Plant retrofit bids awarded
Tri-State selects Jersey company for $58.2 million upgrade project
August 2, 2001
The debate about whether the economy is slowing down may go on indefinitely, but beginning next summer, Craig is going to see a significant influx of workers and money, so questions about the softness of the stock market will seem pretty moot for most people.
The builders will be coming to town.
And not just builders, but also insulators, electricians and technicians will arrive in Craig to work on the baghouse retrofits for stations one and two at the Craig Station power plant.
The Sierra Club filed a class-action lawsuit against the Craig Station in 1996 alleging the plant exceeded visible pollution limits outlined by the Clean Air Act approximately 14,000 times between 1991 and 1996.
The two came to terms in early January on a settlement agreement that requires the plant’s owners to invest $100 million to $160 million in upgrades.
Last week, Tri-State Generation and Transmission awarded a $58.2 million contract to Hamone Research-Cottrell of New Jersey for the design, construction and installation of baghouses on stations one and two. The work is staggered with construction on Unit 1 to start no later than December of 2002, and on Unit 2 no later than August of 2003.
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“This contract covers the major feature of the work that stems from the settlement [from the Sierra Club lawsuit],” said Jim Van Sommeran, spokesman for Tri-State. “The other work will mostly be retrofitting and redesigning on other related pieces of the plant the air handling systems, the scrubbers. But, the contract with Hamone is the major piece. We are right on schedule. Actually we’re beating some deadlines for getting this project organized.”
The contract with Hamone Research-Cottrell will be broken up into different pieces, with other sub-contracts being awarded to various companies. There are also six other contracts that have yet to be awarded for projects related to the retrofit project.
Next summer, in preparation for the construction of the baghouses, the preliminary foundation and concrete work will start, and from there on in, Craig will see an steady influx of workers, and their dollars.
“The work on this project will be done during normal maintenance outages. When a station is shut down for regularly-scheduled maintenance, construction on the new baghouse for that station will be done at the same time,” Van Somerran said. “For a regular maintenance outage, there are 100 or more workers in addition to our regular work force. When the construction is going on, Hamone estimates another 300 workers will be there doing work on the retrofit.”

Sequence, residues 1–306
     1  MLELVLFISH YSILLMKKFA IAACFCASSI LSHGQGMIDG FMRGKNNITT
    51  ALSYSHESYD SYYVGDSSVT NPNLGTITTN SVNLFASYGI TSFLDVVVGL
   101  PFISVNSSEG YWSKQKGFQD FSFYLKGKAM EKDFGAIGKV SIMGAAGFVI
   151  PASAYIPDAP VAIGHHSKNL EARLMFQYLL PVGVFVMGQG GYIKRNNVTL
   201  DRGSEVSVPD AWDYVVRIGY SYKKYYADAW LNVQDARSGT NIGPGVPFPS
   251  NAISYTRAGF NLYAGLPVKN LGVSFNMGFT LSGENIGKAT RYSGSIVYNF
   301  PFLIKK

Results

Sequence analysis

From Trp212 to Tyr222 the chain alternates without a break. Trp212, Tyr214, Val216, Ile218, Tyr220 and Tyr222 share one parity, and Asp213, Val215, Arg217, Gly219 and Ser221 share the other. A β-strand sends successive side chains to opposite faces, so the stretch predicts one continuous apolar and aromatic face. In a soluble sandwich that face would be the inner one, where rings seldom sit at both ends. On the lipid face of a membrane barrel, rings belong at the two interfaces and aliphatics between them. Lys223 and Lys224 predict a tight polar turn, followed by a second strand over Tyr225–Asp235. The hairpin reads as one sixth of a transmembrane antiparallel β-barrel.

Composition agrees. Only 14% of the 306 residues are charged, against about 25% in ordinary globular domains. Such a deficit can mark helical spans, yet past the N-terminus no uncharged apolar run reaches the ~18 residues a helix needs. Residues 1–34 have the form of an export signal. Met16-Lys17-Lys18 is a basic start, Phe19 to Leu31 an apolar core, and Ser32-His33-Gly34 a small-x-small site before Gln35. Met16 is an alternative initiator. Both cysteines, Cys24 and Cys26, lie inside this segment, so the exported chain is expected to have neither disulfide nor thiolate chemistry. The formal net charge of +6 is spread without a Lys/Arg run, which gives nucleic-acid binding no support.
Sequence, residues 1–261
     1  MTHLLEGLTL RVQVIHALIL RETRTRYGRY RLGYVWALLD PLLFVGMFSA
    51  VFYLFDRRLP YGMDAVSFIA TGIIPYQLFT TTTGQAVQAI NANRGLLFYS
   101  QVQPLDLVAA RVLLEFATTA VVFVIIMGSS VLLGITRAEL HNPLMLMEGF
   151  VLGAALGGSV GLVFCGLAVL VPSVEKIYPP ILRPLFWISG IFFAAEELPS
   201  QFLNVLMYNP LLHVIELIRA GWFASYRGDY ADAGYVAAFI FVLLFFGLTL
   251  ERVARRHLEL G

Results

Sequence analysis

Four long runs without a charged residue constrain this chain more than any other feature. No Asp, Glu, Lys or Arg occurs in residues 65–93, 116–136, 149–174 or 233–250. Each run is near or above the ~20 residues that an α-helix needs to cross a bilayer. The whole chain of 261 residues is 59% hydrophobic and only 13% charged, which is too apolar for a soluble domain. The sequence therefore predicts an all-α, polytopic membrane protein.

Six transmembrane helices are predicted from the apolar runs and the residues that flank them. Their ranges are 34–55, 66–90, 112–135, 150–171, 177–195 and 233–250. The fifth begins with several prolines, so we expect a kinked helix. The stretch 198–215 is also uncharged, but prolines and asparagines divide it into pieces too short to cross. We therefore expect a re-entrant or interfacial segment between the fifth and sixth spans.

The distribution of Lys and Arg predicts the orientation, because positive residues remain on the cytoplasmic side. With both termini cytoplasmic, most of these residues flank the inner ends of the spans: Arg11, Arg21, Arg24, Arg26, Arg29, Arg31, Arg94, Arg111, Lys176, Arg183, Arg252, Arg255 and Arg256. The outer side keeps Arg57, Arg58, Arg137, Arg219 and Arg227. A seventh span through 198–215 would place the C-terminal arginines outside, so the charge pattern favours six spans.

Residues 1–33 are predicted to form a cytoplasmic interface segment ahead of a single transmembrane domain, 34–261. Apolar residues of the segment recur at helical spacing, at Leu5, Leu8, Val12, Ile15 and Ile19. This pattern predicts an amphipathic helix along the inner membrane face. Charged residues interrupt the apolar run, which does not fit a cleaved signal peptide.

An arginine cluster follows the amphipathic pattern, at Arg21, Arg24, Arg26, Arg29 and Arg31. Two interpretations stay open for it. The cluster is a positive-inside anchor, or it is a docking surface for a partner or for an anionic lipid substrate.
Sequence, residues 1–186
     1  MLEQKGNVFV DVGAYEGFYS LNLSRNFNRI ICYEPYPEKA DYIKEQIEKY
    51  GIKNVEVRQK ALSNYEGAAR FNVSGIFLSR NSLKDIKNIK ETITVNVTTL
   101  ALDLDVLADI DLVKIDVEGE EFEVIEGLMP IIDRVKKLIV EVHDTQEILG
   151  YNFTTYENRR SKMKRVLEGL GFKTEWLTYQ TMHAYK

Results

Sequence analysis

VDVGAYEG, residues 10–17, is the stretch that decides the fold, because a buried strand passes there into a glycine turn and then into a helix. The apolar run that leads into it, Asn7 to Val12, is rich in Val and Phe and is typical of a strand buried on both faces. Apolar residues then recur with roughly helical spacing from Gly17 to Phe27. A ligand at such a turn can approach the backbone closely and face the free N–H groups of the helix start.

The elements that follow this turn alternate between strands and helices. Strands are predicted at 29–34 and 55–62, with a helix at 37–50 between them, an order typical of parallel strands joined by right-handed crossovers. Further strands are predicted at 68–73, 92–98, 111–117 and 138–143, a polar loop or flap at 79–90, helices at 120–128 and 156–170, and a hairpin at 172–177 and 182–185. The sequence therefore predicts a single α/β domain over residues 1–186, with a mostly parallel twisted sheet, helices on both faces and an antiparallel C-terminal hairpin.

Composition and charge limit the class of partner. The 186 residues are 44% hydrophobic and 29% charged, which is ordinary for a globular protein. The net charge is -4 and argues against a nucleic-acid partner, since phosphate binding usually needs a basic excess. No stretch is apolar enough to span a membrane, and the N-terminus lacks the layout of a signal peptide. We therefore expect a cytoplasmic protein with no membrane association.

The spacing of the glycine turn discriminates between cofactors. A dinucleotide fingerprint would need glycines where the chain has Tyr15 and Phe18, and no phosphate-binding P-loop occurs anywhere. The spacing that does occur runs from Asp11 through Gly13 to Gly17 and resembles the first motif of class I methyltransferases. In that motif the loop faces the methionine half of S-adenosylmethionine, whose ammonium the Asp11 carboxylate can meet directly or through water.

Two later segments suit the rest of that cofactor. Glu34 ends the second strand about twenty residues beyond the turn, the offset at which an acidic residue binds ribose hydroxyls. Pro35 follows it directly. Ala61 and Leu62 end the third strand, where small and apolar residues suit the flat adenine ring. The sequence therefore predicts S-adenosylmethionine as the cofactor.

One local company that has been awarded some of the work through Hamone Research-Cottrell is Antelope Construction. The contract has not been signed, but Antelope’s involvement was part of the bid Hamone Research-Cottrell submitted to Tri-State.
“We were recommended by Tri-State to Hamone. We’ve been working with [Tri-State] since 1975,” said Gerry Roberts, superintendent of Antelope Construction. “We’ll be using all the local workers that we can; after using up all those in certain fields, we’ll bring in union workers from other areas. With boilermaker craftsman, we have five or six here in Craig, and we’ll need to get others from Denver. There are pipefitters down in Grand Junction which we’ll need to bring up. We’ll be bringing in contractors carpenters, electricians, insulators.”
Antelope Construction plans to employ 75 workers continuously once its construction duties begin. That number will swell to 150 for connection and pre-operation work, Roberts said.
Antelope Construction will formally sign the contract with Hamone Research-Cottrell on Aug. 8.
Another local company that could be working at the power plant is DeVoge Electric, Inc. DeVoge Electric has submitted a bid to Hamone Research-Cottrell, but the contract has not been awarded.
The Craig Station is the largest coal-fired power plant in Colorado. Unit 3 is fully owned by Tri-State Generation and Transmission. Units 1 and 2 are owned by Tri-State Generation and Transmission, 24 percent; Salt River Project of Phoenix, Ariz., 29 percent; PacifiCorp of Portland, Ore., 19.3 percent; Platte River Power Authority of Fort Collins, Colo.; 18 percent, and Excel Energy of Denver (formerly Public Service of Colorado), 9.7 percent.